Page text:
With Little Comets set to play at Fibbers next week, Unknown remembers their Leeds performance with George Dabby’s impassioned review. We look forward to hearing them again in York.
Able to transcend strong cult followings, they may also achieve fame amongst the masses
Britain holds a special seat at its high table of national music for bands prepared to contemplate social Darwinism, crisis in Darfur, or even just incorporate words such as taciturn. Some are afforded gigs in front of tens-of-thousands of people at Glastonbury, others a couple hundred at a university bar. Able to transcend strong cult followings, they may also achieve fame amongst the masses. The music is often deeply personal and resonates strongly with its loyal followers while offering enough in gratifying bass lines and catchy choruses to be appreciated nationwide.
If The Smiths were incumbent of this seat in the 1980s, the Little Comets are worthy replacements for the 21st century. However, such musical alignment is fraught with controversy and, despite a déjà vu moment listening to the opening of hit song Jennifer, which bore close resemblance to the great guitar riffs of Johnny Marr, thereafter the comparison fades.
Fades, but only to the roar of the Comets unique brilliance; their own sound, their own indignant lyrics critiquing a world even more tumultuous than the one Morrissey ostracized thirty years ago. Performing at Leeds University Stylus, which one friend aptly described as a ‘rich man’s Courtyard’ (for University of York readers), the three-man band from Newcastle opened without fuss to “Worry” from their second album, Life is Elsewhere; a remarkable achievement. Bouncy and up-tempo choruses sparked an impromptu mosh pit and the crowd appeared to forget this was just a moment of melodic respite from the despairing lyric: “her silhouette…bleaker than a cigarette…the lethargy in both her eyes”.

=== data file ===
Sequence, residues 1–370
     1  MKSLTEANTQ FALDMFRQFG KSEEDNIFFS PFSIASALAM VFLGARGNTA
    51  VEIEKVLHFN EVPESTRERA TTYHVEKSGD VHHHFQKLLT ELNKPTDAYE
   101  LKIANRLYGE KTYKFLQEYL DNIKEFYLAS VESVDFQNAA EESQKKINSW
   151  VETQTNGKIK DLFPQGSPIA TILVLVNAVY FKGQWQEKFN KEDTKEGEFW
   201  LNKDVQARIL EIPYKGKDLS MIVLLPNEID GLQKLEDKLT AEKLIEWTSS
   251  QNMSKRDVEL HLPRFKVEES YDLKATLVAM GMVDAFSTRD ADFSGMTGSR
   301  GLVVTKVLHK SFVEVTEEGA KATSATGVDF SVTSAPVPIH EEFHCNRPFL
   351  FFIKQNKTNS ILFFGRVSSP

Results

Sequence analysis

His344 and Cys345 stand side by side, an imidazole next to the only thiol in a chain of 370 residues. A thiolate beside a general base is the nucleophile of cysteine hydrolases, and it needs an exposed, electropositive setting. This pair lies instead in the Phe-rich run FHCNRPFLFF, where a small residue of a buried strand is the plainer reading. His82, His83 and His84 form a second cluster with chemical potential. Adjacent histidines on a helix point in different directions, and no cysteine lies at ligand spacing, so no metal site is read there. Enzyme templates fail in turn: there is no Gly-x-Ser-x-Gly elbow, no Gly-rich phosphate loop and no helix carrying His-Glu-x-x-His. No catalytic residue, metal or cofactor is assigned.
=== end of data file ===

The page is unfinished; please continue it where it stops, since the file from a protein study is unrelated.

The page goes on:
I had wondered whether the gig would simply present a reel of their more preppy songs, but these songs are themselves a guise. “A Little Opus” is a beautifully constructed critique of private education and limited opportunities:
I’d rather starve
Than become a member
Of your old boys club
Than see the ascension of the Bullingdon
Because I want to breakthrough
A tired addendum
To working hard
Shrouded under remarkably fast rhythms and bright cascading chords you forget what you’re dancing to. So much so that when I was pointing my finger at Robert Coles in a sign of complete artistic approval at his product, I may have been better turning the finger onto myself and questioning my own upbringing.
But that’s not their style either. There’s no communication with the audience beyond the music, no reproach or preaching, not even an encore to my disappointment. One gets the feeling Robert wouldn’t walk off stage, expressing abhorrence at the smell of meat as Morrissey did; a discrepancy between The Smiths and the Little Comets that we can appreciate. No bold exhortation here. The music speaks for itself.
It is hard to imagine the Comets making it to superstardom with their current product. Not for a lack of quality, but a rawness that displays an unwillingness to stoop to the banal. For all their upbeat numbers, one cannot escape the sobering effect of songs like “Violence Out Tonight”:
As they step into the dark
Only moonlight hides his treason
And the shadows skip like sharks
Through the gasps of air between them
She says: “Becalm your hands boy I thought
restraint was now your sentiment of choice?”
But as his fingers strike her blouse
All the words that he espoused
Lie deftly scattered on the ground amidst
the buttons he’s torn open
It is sung with just the accompaniment of a single keyboard and the simplicity lends it the greatest resonance. We wait pleading for her agony to end so we can return to the happy melody, but it sends out the right message: take us seriously, listen to us, then we’ll get back to the hits.
True to their word, the mood returns and we are soon moshing again. An elongated version of “W-O-E” and “Adultery” leads onto the finale everyone has been waiting for, the prescriptively titled “Dancing Song”.
Robert, his brother Michael and drummer Matt depart the stage as they entered it, no fanfare, and no pretences. But they need none anyway; it has been a sensational gig from a band challenging the boundaries of indie music with flair and sincerity. The good news is that they’re back in Yorkshire on March 6th to play at Fibbers in York, tickets to which are now available online.